The oxygen dissolved in water is critical to the survival of fish and shellfish living in it. All living creatures in the water need oxygen to survive, but as dissolved oxygen levels decrease, it becomes harder for animals to get the oxygen they need to survive. Low dissolved oxygen is often the result of eutrophication, which occurs when there are too many nutrients (such as nitrogen and phosphorus) in the water, causing dense algal blooms to grow. When the algae die and decompose, the decomposition process uses up dissolved oxygen in the water, reducing the oxygen available for fish and other organisms, which may then become stressed or even die.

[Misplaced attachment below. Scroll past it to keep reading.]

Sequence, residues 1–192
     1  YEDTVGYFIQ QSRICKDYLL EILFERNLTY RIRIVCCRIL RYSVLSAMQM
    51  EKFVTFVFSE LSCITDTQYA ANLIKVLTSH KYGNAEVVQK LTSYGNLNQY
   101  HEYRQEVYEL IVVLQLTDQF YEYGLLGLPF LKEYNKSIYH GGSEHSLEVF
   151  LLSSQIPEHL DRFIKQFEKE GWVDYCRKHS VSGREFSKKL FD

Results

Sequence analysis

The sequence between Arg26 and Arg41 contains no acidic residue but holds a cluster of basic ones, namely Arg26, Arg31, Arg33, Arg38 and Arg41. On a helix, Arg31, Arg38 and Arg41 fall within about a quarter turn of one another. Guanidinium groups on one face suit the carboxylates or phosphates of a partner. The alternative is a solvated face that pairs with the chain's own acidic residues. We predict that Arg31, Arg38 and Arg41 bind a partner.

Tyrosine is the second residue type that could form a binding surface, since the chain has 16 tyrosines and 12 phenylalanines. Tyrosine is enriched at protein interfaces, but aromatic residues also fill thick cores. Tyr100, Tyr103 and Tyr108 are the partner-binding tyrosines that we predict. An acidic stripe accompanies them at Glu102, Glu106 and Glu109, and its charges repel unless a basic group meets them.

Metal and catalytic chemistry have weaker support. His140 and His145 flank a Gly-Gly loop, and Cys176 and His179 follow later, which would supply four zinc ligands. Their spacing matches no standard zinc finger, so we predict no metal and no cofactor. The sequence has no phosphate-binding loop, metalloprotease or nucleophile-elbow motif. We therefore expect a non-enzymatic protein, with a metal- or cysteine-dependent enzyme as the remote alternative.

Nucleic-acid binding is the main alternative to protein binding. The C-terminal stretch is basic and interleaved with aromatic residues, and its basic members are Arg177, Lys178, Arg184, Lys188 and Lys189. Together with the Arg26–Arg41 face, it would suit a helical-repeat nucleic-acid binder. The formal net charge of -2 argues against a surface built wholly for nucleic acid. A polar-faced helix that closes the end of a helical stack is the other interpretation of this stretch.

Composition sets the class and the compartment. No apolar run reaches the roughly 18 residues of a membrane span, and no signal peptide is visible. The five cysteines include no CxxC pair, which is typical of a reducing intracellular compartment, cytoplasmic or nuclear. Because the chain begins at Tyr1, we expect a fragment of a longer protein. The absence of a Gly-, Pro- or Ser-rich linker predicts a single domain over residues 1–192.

How is it measured?
Dissolved oxygen is measured bi-monthly to monthly from June through September at 74 stations. The minimum dissolved oxygen concentration for each station was scored according to the threshold categories and represented. Scores for each sampling station were then averaged by reporting region.
|Threshold (mg L-1)||Score|